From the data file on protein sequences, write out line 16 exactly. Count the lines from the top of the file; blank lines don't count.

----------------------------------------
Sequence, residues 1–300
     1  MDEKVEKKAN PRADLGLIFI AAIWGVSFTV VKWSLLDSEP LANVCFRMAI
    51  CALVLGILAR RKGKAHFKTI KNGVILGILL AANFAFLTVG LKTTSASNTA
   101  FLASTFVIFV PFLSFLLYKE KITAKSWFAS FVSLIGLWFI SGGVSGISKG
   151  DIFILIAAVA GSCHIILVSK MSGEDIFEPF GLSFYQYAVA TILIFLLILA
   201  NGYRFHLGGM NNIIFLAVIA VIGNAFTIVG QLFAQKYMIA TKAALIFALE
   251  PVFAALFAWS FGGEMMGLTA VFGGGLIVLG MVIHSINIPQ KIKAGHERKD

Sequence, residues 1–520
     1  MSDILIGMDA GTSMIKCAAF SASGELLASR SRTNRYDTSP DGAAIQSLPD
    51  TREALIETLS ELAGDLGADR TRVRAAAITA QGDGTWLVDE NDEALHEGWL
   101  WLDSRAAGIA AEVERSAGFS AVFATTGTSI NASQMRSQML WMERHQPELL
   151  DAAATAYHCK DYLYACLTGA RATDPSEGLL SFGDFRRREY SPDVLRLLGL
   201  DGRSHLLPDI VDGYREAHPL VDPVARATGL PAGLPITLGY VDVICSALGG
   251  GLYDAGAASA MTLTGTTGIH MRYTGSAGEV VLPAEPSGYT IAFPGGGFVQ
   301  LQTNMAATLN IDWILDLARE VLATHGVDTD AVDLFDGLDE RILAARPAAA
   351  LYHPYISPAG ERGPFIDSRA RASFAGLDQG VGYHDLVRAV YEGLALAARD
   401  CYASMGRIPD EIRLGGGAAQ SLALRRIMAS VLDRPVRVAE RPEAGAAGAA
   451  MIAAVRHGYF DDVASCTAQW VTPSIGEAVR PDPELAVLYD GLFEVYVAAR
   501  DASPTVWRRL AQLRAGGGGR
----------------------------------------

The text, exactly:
   351  LYHPYISPAG ERGPFIDSRA RASFAGLDQG VGYHDLVRAV YEGLALAARD